These final regulations simplify the aggregation rules by eliminating the reference to treating all domestic corporations and partnerships as a single entity.
 
Domestic Trusts
 
Proposed Sec.  1.6038D-6(c) provides that a trust described in section 7701(a)(30)(E) is a specified domestic entity if and only if the trust has one or more specified persons as a current beneficiary. 
 
The term current beneficiary means, with respect to the taxable year, any person who at any time during such taxable year is entitled to, or at the discretion of any person may receive, a distribution from the principal or income of the trust (determined without regard to any power of appointment to the extent that such power remains unexercised at the end of the taxable year). The Treasury Department and the IRS intend that a specified domestic entity include a trust whereby a specified person has an immediately exercisable general power of appointment, even if such specified person is not technically a beneficiary. 
 
These final regulations clarify that the term current beneficiary also includes any holder of a general power of appointment, whether or not exercised, that was exercisable at any time during the taxable year, but does not include any holder of a general power of appointment that is exercisable only on the death of the holder.
 
Expanding the Exceptions for Domestic Entities
 
The 2014 final regulations provide in Sec.  1.6038D-2(a)(7) that a specified person, including a specified domestic entity, is not required to file Form 8938, ``Statement of Specified Foreign Financial Assets,'' with respect to a taxable year if the specified person is not required to file an annual return with the IRS with respect to that taxable year. In the case of a specified domestic entity, the term ``annual return'' means an annual federal income tax return or information return filed with the IRS, including returns required under section 6012. See Sec.  1.6038D-1(a)(11). A Form 1041 is an annual return for purposes of Sec.  1.6038D-1(a)(11) of the final regulations.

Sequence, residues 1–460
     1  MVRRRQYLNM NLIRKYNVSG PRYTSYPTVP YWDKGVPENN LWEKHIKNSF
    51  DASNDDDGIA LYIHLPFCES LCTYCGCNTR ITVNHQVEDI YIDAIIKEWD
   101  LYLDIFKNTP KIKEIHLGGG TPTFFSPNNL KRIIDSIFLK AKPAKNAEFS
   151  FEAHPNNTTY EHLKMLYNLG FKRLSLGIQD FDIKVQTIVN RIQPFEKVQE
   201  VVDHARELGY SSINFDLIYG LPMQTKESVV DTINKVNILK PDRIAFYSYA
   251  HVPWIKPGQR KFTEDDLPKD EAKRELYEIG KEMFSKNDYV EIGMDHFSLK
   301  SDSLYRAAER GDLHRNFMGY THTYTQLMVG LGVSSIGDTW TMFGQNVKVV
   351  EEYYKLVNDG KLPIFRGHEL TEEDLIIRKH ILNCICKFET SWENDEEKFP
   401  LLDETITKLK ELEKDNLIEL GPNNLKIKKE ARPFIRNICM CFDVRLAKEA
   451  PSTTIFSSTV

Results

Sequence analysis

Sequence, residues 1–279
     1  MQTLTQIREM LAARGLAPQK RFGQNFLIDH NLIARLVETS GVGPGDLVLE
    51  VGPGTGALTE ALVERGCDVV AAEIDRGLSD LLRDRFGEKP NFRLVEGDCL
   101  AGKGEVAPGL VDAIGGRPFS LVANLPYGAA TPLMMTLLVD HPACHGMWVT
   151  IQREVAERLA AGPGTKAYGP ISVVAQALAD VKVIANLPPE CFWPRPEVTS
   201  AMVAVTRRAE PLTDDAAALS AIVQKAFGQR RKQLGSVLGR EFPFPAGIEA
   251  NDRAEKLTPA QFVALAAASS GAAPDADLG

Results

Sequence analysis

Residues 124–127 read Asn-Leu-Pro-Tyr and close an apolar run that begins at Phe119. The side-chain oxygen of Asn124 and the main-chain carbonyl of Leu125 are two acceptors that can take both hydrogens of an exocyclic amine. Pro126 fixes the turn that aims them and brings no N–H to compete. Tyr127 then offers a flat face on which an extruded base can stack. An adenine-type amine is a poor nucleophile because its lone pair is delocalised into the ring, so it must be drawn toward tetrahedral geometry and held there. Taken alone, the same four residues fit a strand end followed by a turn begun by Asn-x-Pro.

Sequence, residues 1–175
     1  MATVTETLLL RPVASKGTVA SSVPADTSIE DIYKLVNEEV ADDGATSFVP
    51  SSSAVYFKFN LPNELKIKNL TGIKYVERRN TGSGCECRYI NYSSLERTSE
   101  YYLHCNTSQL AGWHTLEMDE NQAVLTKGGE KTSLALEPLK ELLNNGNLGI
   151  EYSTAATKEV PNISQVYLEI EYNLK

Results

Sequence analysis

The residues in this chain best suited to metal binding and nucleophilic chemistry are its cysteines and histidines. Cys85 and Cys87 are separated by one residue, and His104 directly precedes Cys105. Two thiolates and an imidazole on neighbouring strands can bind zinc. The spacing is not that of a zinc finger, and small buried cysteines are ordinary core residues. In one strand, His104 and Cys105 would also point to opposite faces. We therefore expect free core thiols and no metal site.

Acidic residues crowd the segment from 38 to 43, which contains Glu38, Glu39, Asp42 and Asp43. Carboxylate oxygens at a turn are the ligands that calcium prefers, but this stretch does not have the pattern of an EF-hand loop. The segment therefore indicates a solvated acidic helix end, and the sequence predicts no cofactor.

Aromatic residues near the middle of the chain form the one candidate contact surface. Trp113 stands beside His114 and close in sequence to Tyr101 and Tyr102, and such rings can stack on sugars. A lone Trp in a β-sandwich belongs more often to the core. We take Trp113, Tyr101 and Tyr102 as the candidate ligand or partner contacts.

The requirement under proposed Sec. 1.6038D-6(b) that to be a specified domestic entity at least 80 percent of the capital or profits interest in a partnership must be held by a specified individual on the last day of the partnership's taxable year establishes appropriate general criteria that, as a practical matter, should exempt most publicly traded partnerships from being specified domestic entities.
 
The Treasury Department and the IRS believe the exception under proposed Sec. 1.6038D-6(d)(1) for domestic entities that are not ``specified United States persons'' pursuant to section 1473(3), together with the exception for trusts whose trustees satisfy the supervisory oversight requirements and the income tax and information return filing requirements under proposed Sec.  1.6038D-6(d)(2), are sufficiently broad to except employer trusts that represent a low risk of tax avoidance from characterization as a specified domestic entity. 
 
Special Analyses
 
These regulations will not have a significant economic impact on a substantial number of small entities within the meaning of section 601(6) of the Regulatory Flexibility Act (5 U.S.C. chapter 6). In the case of domestic corporations and partnerships, these regulations apply only when two separate tests are met. 
 
  1. The first requires that at least 80 percent of the entity must be owned, directly, indirectly, or constructively, by a specified individual, generally a U.S. citizen or resident. 
  2. The second test compares the entity's business income and assets with its passive income and assets. If more than 50 percent of the entity's annual gross income for the year is active business income and more than 50 percent of its assets for the taxable year are assets that produce or are held for the production of active income, then the entity is not subject to the reporting requirements under section 6038D.